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Shoony


RareHumanoidShoony
Source Pathfinder #153: Life's Long Shadows

Diminutive humanoids who resemble squat, bipedal dogs, shoonies are sometimes mistaken for weak and insular pacifists. However, their sheer perseverance, incredible work ethic, and resourceful use of diplomacy make shoonies far from helpless.


According to shoonies, Aroden created their kind to provide him with pleasant company soon after he created the Isle of Kortos. Shoony culture is rooted in this myth and its implications, which help to explain the ancestry's long reputation for hospitality, good will, and pacifism. War is antithetical to the shoony way of life; shoonies rely on cooperation and persistence to make their way through a world that can seem at times hellbent on destroying them. Shoonies are unflappable in their optimism and always see the best in others, even when faced with frequent subjugation and exploitation that might create bitterness or xenophobia among other societies. To shoonies, peace is a goal always worth striving for, and no villain is beyond redemption, so they aim to resolve problems with peaceful solutions.


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Physical Description

Shoonies are squat, furry humanoids with flattened canid faces and wet, black eyes. Their fur can be a variety of hues and patterns, with the most common colors being fawn or black, and their loose skin gives even the fittest shoony a pudgy appearance. Shoonies have short, curly tails that sometimes wag involuntarily when the shoony is content or particularly excited or pleased. Like canines, shoonies cannot sweat; they pant to mitigate heat and exertion, and it is not uncommon to see a shoony with a perpetually lolling tongue.

A shoony reaches maturity after just 8 to 10 years, and the elders of their villages rarely reach the age of 50. Little differentiates male and female shoonies except during the late stages of pregnancy, and as they age, both sexes develop graying facial fur, wrinkled skin, and frail joints. The average shoony is 3-1/2 feet tall and weighs 100 pounds.

Society

Despite the shoony drive toward communal living, most shoony settlements are farming villages with populations of no more than a hundred. Shoonies work hard to make their lands bountiful and recognize that large, dense populations can negatively affect the ecosystem. Monster attacks, natural disasters, and exploitation from stronger cultures have all also limited the spread of shoonies across the Inner Sea region.

Despite their short lifespans, shoonies are happy-go-lucky people with an irrepressible love for the land and their fellow shoonies, and remain optimistic even under the worst circumstances. The simple pleasures of living on this beautiful world, engaging in hard work, and surrounding themselves with loved ones motivate shoonies to push through the hardships that all too often befall their people.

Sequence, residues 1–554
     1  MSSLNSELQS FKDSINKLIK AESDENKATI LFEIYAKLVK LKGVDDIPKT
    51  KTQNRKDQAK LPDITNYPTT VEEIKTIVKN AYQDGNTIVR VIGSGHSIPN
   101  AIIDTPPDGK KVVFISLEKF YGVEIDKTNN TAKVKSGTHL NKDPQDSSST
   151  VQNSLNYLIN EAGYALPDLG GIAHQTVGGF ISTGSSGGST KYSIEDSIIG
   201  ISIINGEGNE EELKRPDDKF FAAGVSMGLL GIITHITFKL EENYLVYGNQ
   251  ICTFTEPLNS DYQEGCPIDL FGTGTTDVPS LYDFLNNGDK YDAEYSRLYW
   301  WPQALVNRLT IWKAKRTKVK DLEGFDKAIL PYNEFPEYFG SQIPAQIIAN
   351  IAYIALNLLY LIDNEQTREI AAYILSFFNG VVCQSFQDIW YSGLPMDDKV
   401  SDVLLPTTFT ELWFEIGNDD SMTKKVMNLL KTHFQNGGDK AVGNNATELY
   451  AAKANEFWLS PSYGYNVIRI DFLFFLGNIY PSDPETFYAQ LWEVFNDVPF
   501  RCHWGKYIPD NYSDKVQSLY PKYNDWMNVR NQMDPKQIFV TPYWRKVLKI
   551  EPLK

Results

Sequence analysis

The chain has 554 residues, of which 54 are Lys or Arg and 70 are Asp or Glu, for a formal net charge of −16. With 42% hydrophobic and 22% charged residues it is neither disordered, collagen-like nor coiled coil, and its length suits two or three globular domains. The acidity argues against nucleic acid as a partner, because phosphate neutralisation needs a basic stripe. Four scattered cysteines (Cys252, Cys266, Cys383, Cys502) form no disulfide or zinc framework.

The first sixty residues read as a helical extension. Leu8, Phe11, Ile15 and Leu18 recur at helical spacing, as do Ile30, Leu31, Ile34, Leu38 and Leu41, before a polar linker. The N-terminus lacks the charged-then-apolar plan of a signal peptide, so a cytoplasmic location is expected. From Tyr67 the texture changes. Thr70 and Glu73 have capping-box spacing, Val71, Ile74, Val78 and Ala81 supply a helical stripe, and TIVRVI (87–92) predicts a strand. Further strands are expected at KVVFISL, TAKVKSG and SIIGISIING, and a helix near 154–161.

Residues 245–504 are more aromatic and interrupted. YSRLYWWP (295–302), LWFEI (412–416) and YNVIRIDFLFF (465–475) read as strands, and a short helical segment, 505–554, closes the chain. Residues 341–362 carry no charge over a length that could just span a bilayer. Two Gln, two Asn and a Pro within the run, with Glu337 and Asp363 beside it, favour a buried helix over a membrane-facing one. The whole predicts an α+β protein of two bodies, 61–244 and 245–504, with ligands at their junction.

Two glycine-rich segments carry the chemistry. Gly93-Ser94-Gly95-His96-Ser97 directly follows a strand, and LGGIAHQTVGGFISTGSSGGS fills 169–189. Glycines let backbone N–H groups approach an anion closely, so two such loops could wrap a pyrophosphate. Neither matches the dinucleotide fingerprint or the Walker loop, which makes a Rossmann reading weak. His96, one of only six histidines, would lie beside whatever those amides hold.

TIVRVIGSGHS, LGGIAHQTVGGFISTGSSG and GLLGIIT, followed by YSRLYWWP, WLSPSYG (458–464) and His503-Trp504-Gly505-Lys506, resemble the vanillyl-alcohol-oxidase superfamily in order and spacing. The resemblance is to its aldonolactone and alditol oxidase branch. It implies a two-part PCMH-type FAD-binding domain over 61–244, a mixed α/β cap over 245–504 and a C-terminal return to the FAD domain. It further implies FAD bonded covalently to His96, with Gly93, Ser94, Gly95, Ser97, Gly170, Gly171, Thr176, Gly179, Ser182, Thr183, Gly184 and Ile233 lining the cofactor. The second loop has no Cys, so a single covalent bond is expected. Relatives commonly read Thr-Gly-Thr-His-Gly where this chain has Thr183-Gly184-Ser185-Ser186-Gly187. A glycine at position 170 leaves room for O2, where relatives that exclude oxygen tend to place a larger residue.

Alignment and Religion

Most shoony societies encourage empathy and loyalty, so they're rarely evil, but they're also practical, traditional, and timid. Most shoony adventurers are neutral good or lawful good. Religion is a cornerstone of shoony village life; shoonies primarily worshipped Aroden until his apparent death. In his absence, many shoonies have adopted Erastil as their patron deity because his emphasis on family, community, and living off the land naturally meshes with typical shoony values. Noble shoonies-especially warriors-sometimes look to Iomedae as an exemplar of integrity, hard work, and sacrifice.

Adventurers

Few shoonies willingly choose to leave their homeland and friends in favor of facing the unknown, and the circumstances that lead a shoony to adventure are often dramatic and life-altering, if not tragic. That said, some shoonies do travel the world in search of riches to bring back to their village or to avenge their kinfolk, and shoony adventurers who show bravery or ingenuity are sure to earn a place in the legends of their people.

Typical shoonies have the acolyte, farmhand, hunter, laborer, or warrior backgrounds, or the animal wrangler or rigger backgrounds. Many shoony adventurers are fighters who hone their skills to become stalwart defenders of their friends. Some shoonies pursue religious study and become clerics or champions, while others develop their foraging and hunting skills as talented druids and rangers.

Names

With their strong family values and emphasis on found friends, it's no wonder that shoonies take particular pride in naming their children after other loved ones. Shoony names are short, guttural, and often sound like loose strings of unassociated vowels and soft consonants to people of other ancestries. Shoonies value names and take great care to learn and speak the correct pronunciations of their friends' names.

Sample Names

Ahogo, Arnbin, Bighmor, Bondin, Domwurd, Ebmeur, Gopor, Gurna, Hiemgur, Mufurlo, Oriog, Pulumar, Raliamar, Ruggion, Uhulrig, Ungrin.

Hit Points

6

Size

Small

Speed

25 feet

Ability Boosts

Charisma

Dexterity

Free

Ability Flaws

Constitution

Languages

Common

Shoony

Additional languages equal to your Intelligence modifier (if it's positive). Choose from Dwarven, Gnomish, Goblin, Halfling, Terran, and any other languages to which you have access (such as the languages prevalent in your region).

Low-Light Vision

A creature with low-light vision can see in dim light as though it were bright light, so it ignores the Concealed condition due to dim light.

Blunt Snout

Your small, blunt snout and labyrinthine sinus system make you resistant to phenomena that assail the nose. When you roll a saving throw against inhaled threats (such as inhaled poisons) and olfactory effects (such as xulgath stench), you get the outcome one degree of success better than the result of your roll.

Ancestry Feats

Click here for a list of all Shoony ancestry feats